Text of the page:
Martin Woods Koosah Vineyard Chardonnay 2021 

 January 9, 2024

By  rackhouse

Martin Woods is hidden in the oak-forested foothills of Oregon’s Coast Range, within the cool-climate McMinnville AVA, Willamette Valley. Martin Woods is both the home and winery for winemaker Evan Martin, who has been driven by a passion since 2009 for discovering the most compelling terroir in Oregon. Elegant Pinot noir and Chardonnay are the focus of the portfolio, but Riesling, Gruner, Gamay, Cabernet Franc, and Syrah are more than proving extremely exciting for exploration. Evan’s small team farms according to sustainable, wholistic principles and the growers he partners with are of the same mindset. The winemaking methods are delicate and natural, but of greatest importance is that a Martin Woods wine promotes the classic qualities of purity, balance, complexity, and fine structure that can only result from great terroir combined with wholehearted dedication to the art and craft.

The American Viticulture Area, AVA, is Eola-Amity Hills and is located at an elevation of 900-1,020 feet. The south-east facing slope consists of a Volcanic Basalt soil planted in 2016. The plantings are intermixed clones of 76 and 95 Chardonnay. The grapes were whole cluster pressed, and processed without sulfur. There was no fining after 14 months in barrels that averaged 6 years old.

The Eola-Amity Hills is situated to the immediate east of the Van Duzer Corridor, the “air-conditioning” pathway through the Coast Range where marine air enters from the west and cools the Willamette Valley. At the very top elevation of the AVA sits Koosah Vineyard‒in the Coast Salish dialect the name “koosah” means “beautiful ceiling of the sky”. This “magnum opus” project of grower Kevin Chambers is without question one of the most thoughtfully planted (and riskiest) vineyards in Willamette’s history. Ripening here is patiently late and Fall rains will almost always threaten the harvest…yet that risk also offers rewards. The high elevation creates strong diurnal shifts between cold nights and warm daytime temps with extra UV intensity. This alternation gives ripe fruit expression matched to bright acidity, with aromatics that are lifted and fresh. The Parrett soil (rocky volcanic basalt with shallow topsoil) provides balanced stress to the plants, resulting in sparse canopies and loose clusters, good wind and sun exposure, and ultimately small berries with thick skins‒all of which combine to give the wines structure, framing, and definition.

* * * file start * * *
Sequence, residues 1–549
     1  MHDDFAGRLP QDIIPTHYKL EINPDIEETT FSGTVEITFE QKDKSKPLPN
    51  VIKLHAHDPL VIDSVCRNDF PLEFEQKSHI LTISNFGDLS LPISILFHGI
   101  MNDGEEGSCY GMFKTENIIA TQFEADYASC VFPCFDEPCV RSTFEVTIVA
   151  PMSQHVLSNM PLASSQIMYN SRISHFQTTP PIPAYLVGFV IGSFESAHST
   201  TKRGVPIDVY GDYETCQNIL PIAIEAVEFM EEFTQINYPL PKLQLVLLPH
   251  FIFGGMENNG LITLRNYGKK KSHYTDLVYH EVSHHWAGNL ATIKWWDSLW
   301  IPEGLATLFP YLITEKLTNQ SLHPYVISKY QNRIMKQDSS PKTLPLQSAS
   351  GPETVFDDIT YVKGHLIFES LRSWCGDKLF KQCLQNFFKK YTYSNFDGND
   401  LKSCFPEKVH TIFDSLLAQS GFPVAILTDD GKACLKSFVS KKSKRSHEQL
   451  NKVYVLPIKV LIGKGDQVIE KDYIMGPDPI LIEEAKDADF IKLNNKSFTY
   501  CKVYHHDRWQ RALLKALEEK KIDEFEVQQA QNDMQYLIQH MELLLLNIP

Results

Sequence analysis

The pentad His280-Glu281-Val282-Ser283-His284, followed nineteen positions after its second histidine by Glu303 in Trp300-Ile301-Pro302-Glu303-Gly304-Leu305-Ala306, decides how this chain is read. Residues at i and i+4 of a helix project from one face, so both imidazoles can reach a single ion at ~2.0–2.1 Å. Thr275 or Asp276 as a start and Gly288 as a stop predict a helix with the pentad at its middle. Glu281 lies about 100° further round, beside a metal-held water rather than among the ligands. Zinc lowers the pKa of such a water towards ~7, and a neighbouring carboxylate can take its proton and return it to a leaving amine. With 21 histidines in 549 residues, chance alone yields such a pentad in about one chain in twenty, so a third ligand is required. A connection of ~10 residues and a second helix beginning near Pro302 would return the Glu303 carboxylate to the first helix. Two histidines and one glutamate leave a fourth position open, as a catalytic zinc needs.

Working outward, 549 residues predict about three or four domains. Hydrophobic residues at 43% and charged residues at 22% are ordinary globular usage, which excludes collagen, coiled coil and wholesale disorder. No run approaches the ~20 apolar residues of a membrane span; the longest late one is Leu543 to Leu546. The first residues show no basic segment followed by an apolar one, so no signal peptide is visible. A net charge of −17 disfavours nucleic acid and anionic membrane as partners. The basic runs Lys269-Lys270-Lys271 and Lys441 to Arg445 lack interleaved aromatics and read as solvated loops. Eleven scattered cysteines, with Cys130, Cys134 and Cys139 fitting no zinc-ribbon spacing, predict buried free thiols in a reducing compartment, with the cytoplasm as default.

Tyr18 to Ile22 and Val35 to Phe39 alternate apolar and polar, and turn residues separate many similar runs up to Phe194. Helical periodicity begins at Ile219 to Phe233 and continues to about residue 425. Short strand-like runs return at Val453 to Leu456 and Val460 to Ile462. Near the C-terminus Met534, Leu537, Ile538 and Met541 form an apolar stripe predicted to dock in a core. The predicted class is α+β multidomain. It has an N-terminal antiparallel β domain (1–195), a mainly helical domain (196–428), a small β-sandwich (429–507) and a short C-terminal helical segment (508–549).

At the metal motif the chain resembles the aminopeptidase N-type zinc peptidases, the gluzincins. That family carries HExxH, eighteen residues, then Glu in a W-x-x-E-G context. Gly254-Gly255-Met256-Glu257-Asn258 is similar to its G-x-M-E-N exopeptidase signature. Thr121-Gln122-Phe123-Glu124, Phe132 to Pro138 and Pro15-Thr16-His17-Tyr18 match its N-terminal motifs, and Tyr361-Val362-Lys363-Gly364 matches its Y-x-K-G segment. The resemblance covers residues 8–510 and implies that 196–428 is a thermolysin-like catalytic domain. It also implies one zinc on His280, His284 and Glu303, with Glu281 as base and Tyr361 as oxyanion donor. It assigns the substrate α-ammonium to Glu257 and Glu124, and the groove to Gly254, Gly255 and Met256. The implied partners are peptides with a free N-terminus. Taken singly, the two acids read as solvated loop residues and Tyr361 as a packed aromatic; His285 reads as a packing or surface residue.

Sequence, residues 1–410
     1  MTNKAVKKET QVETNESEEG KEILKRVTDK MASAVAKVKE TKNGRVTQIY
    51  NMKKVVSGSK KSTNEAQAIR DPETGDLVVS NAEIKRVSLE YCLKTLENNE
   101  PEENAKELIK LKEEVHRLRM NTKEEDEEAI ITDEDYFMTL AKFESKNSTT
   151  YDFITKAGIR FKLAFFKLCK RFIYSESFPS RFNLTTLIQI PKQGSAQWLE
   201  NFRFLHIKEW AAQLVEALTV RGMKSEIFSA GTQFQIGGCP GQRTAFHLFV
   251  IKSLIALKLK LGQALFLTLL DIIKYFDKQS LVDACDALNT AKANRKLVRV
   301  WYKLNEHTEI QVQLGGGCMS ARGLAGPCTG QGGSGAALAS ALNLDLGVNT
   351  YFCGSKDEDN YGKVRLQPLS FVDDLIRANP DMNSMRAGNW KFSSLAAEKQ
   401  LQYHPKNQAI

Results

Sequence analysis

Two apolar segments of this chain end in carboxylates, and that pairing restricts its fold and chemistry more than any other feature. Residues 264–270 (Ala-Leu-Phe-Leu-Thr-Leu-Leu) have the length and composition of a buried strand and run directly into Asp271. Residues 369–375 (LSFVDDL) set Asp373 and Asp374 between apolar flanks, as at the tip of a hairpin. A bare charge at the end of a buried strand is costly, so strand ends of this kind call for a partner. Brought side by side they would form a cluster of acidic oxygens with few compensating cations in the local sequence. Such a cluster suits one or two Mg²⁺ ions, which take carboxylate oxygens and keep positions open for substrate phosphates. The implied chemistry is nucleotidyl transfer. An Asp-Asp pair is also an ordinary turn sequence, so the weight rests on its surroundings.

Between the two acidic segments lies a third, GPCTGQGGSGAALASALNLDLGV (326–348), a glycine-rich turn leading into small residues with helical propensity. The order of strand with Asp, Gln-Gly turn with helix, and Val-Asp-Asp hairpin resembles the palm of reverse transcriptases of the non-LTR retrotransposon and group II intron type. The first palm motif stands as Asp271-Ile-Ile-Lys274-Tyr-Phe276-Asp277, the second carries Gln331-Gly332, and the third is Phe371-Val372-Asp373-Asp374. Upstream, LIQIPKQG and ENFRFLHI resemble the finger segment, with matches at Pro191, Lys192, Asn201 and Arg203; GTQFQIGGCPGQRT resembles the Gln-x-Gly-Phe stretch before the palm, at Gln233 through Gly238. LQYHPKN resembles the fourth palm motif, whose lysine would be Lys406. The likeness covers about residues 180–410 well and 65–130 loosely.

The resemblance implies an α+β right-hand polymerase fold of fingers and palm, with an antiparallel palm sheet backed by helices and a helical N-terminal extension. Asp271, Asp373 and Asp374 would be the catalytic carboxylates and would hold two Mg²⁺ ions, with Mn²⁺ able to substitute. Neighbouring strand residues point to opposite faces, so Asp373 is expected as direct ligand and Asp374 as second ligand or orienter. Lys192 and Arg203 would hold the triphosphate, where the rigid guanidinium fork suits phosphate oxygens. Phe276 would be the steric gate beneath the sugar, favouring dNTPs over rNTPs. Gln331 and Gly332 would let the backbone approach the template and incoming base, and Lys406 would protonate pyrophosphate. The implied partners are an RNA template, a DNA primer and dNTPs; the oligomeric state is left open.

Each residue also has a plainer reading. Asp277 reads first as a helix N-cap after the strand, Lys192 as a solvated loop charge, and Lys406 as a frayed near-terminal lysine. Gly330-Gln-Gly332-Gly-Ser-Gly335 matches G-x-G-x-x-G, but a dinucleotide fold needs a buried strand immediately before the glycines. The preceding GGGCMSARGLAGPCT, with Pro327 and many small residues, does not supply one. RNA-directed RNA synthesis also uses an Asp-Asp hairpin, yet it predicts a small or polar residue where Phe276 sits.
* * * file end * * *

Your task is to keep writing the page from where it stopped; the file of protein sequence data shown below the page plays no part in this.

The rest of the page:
The growing season showed a classic shift to cooler temps and occasional moisture of moderate intensity in late September and early October bringing the 2021 growing season to a beautiful conclusion. Despite some significant heat spikes in mid-summer, the vines supported a good crop of clean fruit (medium-small berries with thick skins) with balanced flavors and phenolic maturity.

The wine opens with notes of lemon oil, green apple, and moss There is a touch of wet soil that rounds out the first markings—remarkable textural tension between fruit, minerality & acidity—so balanced, the finish lingers for minutes—think ‘Puligny’. Of the 90+ points this vintage has received, many have stated that it needs time to decant for drinking now but will also age gracefully for a decade or more to reward your patience.

related posts:

Fleurs de Prairie – Rosé of Grenache Noir + Syrah + Carignan + Cinsault + Mourvèdre; Languedoc, France; 2023

Kung Fu Girl – Riesling; Ancient Lakes, Washington; 2023

VDR – Petit Verdot + Petit Sirah; Hames Valley, Monterey, California 2021

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